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Dead Space 2 (Xbox 360) artwork

Dead Space 2 (Xbox 360) review

"Thereís no sneaking terror. Thereís no sneaking. Thereís no calm before the storm. Thereís just storm."

The problem with writing about Dead Space 2 is that nothing really sticks out enough for me to focus on. Iíll get my fanboyish dribbling out of the way early; the first Dead Space was a masterclass in ambient horror. The creaking and groaning that surrounded you at almost all times was probably only the suffering spacecraft you travelled within, but it could be something else. It could be a reanimated corpse, dripping venomous salvia and sporting deadly bone spurs, skittering inside the walls or along the ceilings. It could be a rotting mass of tendrils congealed against a wall and spitting out vicious mutants. It could be a survivorís last desperate seconds of life. Or, it could be nothing. Mostly, it was nothing, until you regained your confidence. Then something tried to claw your face off.

Thatís how Dead Space rolled. It was an unnerving trek into the unknown, and Dead Space 2 was right in many ways to not try to reuse the same trick twice. Found floating adrift in space after the ordeals of the first game, Isaacís rescue is short lived as heís doped to the gills, thrown in an insane asylum and interrogated around the clock. And then, mere seconds in, heís boned. A would-be rescuer is turned necromorph before his eyes and heís forced to charge, bound by a straight-jacket, through hordes of undead monstrosities all looking to kill him in as horrific a manner as possible. Welcome, then, to Dead Space 2. Leave your subtlety at the door, please.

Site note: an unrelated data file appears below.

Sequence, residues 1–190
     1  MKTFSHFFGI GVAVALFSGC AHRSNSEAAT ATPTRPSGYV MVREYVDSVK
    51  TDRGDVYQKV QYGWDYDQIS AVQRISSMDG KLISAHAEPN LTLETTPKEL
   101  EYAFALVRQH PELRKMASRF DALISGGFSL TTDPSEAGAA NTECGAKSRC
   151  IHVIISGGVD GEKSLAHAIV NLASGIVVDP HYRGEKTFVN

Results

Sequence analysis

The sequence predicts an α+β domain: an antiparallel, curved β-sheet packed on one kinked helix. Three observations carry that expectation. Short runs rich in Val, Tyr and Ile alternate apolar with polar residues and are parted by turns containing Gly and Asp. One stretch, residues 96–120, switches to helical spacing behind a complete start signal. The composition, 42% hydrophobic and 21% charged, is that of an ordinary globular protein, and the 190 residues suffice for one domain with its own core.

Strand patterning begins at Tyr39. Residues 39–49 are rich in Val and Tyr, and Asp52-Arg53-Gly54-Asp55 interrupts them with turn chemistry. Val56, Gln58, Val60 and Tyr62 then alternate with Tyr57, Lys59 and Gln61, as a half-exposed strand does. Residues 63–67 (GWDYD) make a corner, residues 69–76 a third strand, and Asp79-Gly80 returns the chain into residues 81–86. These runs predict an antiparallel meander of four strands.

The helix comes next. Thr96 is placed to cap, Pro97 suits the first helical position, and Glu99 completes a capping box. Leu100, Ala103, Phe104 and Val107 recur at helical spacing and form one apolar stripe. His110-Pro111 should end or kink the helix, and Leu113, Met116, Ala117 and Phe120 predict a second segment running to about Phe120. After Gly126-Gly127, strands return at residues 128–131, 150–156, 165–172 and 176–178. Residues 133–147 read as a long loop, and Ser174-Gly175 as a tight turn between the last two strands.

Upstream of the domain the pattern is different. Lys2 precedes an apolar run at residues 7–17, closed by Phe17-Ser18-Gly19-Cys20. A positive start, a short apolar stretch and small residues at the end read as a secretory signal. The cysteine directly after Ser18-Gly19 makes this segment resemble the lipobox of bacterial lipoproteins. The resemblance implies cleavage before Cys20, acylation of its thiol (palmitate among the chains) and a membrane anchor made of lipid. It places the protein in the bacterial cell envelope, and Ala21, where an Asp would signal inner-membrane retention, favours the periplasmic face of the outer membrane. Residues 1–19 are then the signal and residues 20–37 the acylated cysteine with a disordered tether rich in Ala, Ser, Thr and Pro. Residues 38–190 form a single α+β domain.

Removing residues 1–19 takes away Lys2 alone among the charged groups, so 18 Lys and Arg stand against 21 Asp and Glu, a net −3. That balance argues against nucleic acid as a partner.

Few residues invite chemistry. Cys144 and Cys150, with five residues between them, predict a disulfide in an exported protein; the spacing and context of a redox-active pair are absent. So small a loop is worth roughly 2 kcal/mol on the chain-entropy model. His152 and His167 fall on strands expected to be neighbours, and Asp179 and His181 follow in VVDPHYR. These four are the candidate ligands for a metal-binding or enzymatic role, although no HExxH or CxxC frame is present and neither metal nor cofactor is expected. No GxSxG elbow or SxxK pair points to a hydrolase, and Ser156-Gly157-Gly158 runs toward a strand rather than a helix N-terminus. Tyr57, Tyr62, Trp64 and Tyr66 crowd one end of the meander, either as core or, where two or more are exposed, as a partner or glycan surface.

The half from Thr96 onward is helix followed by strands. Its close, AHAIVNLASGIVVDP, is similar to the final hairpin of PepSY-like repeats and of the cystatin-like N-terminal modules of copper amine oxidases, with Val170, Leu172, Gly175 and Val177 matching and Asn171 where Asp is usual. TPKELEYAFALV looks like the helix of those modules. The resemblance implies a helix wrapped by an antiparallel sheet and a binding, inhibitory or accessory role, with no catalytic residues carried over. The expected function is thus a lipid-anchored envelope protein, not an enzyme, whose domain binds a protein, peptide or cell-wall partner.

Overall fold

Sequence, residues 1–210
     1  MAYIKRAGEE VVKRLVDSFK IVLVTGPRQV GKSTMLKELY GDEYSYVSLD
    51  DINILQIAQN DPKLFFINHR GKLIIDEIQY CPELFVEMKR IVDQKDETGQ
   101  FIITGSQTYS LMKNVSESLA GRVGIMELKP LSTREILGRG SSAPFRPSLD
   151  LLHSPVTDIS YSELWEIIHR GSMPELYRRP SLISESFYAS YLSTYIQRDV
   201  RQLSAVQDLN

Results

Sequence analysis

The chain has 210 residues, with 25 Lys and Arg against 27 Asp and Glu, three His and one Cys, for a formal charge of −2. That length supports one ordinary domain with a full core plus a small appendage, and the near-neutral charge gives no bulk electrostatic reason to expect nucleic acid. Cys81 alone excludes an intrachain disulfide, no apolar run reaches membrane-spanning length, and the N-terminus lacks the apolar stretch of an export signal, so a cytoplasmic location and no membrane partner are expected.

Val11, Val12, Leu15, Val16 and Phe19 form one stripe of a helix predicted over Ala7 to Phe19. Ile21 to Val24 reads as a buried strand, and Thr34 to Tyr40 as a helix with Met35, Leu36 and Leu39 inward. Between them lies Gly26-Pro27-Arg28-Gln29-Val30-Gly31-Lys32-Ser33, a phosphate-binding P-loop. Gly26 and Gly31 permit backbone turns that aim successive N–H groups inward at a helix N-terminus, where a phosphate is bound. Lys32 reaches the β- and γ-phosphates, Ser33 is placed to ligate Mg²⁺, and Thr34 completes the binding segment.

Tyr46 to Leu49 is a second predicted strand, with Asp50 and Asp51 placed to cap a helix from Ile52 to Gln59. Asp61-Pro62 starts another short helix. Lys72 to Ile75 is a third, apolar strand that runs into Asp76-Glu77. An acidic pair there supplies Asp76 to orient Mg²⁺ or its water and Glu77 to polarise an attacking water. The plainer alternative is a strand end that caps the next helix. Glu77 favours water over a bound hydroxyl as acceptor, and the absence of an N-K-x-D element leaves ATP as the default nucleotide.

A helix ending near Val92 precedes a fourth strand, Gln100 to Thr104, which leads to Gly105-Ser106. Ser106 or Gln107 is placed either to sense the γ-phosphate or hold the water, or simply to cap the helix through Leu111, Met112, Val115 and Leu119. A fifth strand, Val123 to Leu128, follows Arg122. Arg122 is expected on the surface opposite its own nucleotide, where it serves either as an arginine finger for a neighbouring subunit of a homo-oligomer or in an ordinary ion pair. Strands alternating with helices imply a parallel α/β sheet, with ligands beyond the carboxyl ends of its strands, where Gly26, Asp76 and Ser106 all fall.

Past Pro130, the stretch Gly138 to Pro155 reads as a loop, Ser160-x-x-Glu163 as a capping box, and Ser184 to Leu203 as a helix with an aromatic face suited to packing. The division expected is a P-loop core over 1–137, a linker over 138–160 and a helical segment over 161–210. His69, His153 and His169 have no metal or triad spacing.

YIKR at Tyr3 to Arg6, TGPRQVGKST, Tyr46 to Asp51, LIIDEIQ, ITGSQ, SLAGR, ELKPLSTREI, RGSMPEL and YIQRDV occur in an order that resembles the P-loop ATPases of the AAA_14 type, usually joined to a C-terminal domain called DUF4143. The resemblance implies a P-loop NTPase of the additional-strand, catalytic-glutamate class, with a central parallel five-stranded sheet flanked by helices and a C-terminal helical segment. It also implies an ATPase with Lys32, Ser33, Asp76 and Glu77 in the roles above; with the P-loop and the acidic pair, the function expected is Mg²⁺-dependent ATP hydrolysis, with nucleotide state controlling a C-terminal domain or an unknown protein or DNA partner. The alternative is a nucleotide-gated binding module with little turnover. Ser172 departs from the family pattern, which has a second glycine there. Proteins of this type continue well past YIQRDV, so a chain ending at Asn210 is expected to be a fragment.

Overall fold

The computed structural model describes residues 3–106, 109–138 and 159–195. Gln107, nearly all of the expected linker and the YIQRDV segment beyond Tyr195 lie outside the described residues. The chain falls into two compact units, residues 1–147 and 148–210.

While the first Dead Space answered the question of ďWill there be anything nasty just around the corner?Ē with a sly ďmaybe!Ē, Dead Space 2 virtually guarantees it. It becomes what James Cameron's Aliens was to Ridley Scottís original film, and itís not an awful direction to go in. The monster, as it were, has been revealed, and pretending that the gamer will be surprised by this again would make for redundant scaring. So, instead, the game is much more in-your-face. The lurking terrors are revised (ham-fisted in some concepts. Mutant exploding babies!? Really, Visceral?) but, mainly, their numbers are dialled up and they charge at you headfirst more.

As such, while Aliens was the better film in that franchise (it was! -- donít judge me!), Dead Space 2ís choice to highlight action over ambience presents obstacles for the game to get inside your head. Isaac is no longer a humble engineer unravelling the surreal and the macabre; he's a battle-hardened nut job. Heís insane, sure; an interesting new dynamic has him suffering from dementia which often warps on-screen reality into a strobe-tinted vision of his muddled mind, but itís no longer about creeping down corridors, cutting off the limbs of surreal monstrosities. Very early in the game, you come across a razed arcade. For the first time in a while, things are quiet, and youíre immediately suspicious. Because things in Dead Space 2 never stay quiet for long enough to sucker you in. If thereís a pause, thereís a trap.

On cue, small silvery necromorphs drop from the wall vents. Once upon a time, enemies could only be killed successfully by lopping off limbs as they made their way towards you. The hook was in the panic: you had time, and with each limb blown off, you took away from the threat, but it kept coming at you. Miss a shot or two, and youíd probably still be all right, but it was easy to give into panic fire; easy to jerk the trigger and hope.

In Dead Space 2Ďs broken arcade, the little 'morph's limbs need no dismembering. Try to plot out your shots patiently and calmly, and youíll be overrun and killed. In seconds.